Chechen rebels were reacting with increased nervousness last night as Kremlin troops in armoured personnel carriers encircled the convoy of buses where they were holding up to 200 men, women and children as hostages on the snowswept steppes of southern Russia.
The militants were initially hostile, threatening to shoot the hostages. But later they offered to release women and children if the army stopped its menacing manoeuvres.
Later a convoy of official cars was reported to have entered the village of Pervomayskoye, scene of the drama on the freezing plains between the regions of Dagestan and Chechnya. This raised hopes of a negotiated settlement although the situation remained tense and complicated.
In Paris, where Boris Yeltsin was attending the requiem Mass for Francois Mitterrand, the Kremlin leader caused press excitement by telling reporters he was ready to withdraw Russian troops from Chechnya if the rebels abandoned the use of force. But a closer reading of his words suggested this might only be a reiteration of an old Kremlin position.
"There are talks going on inside Chechnya," Mr Yeltsin said after meeting President Jacques Chirac. "As soon as [the rebels] agree on not using weapons, we will withdraw our troops. Only the police will remain to maintain public order." Moscow and Grozny agreed at peace talks last summer that Russian troops would withdraw while Chechen militants simultaneously disarmed but the treaty was violated on both sides. The Kremlin has insisted that a Chechen surrender of arms remains the precondition for a troop pull-out. The Muslim militants, sticking to their demand for nothing less than full independence, say the Russian army, which they regard as one of occupation, must go.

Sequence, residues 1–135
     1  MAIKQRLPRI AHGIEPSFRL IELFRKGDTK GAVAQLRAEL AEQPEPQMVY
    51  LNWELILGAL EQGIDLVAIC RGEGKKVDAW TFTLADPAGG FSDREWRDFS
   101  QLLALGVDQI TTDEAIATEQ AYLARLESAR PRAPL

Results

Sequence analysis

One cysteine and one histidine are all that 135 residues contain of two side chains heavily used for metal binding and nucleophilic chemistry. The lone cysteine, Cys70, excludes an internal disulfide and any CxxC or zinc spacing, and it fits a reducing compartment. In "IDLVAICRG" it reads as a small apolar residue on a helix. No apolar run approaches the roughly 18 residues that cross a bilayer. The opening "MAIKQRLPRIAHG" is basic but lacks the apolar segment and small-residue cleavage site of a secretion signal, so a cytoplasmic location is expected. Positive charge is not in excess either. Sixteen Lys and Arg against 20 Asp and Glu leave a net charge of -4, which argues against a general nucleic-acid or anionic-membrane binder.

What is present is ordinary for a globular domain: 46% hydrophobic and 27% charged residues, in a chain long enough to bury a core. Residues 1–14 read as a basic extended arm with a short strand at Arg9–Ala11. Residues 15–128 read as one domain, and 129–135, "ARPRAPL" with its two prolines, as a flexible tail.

Certainly events on the ground yesterday gave little cause for optimism. The army, which stopped the convoy at Pervomayskoye on Wednesday, moved in closer to the parked buses where the hostages were sheltering from icy winds. The Chechens responded by lining the hostages up outside as a "human shield" in case the troops attacked. But after nightfall, the long-suffering prisoners were put back in the buses.
A Dagestan government spokesman, Gadzhi Aripov, said the leader of the rebel group, Salman Raduyev, was alarmed by reports that more Russian armoured vehicles were approaching the already powerful ring of troops and armour, saying the rebels would open fire if they came too close. "The Dagestan authorities propose letting the convoy into Chechnya without using force," he said.
Details about the talks were scarce but Alexander Mikhailov, a general with the Russian intelligence service, said the rebels kept changing their minds.
For more than 130 of the hostages, the ordeal has lasted since early on Tuesday, when the rebels seized a hospital in the Dagestani town of Kizlyar and held between 2,000 and 3,000 patients and staff at gunpoint. Most were released when the rebels abandoned Kizlyar on Wednesday but some 130 were dragged along for the bus ride. In Pervomayskoye, the Chechens took a further group of hostages.
Itar-Tass reported last night that four hostages had escaped. It said the Interior Ministry had said that the four, all members of the Omon special forces police, managed to run away after dark and make it to the lines of encircling Russian troops.
The hostage crisis, the second such emergency in Russia in less than a year, is a nightmare for Mr Yeltsin who, if his health permits, is hoping to run for a second term as president this year.
In an interview with the newspaper Moskovsky Komsomolets yesterday, the Chechen leader, General Dzhokhar Dudayev, taunted President Yeltsin, saying he had ordered the raid on Kizlyar and could stage hundreds more such attacks.
Raduyev, who is leading the present operation with about 200 other militants who call themselves the "Lone Wolves", is General Dudayev's son-in-law.
More than 120 people died in a similar hostage drama in the southern Russian town of Budennovsk last June, and at least 23 people have been killed in the current crisis.Reuse content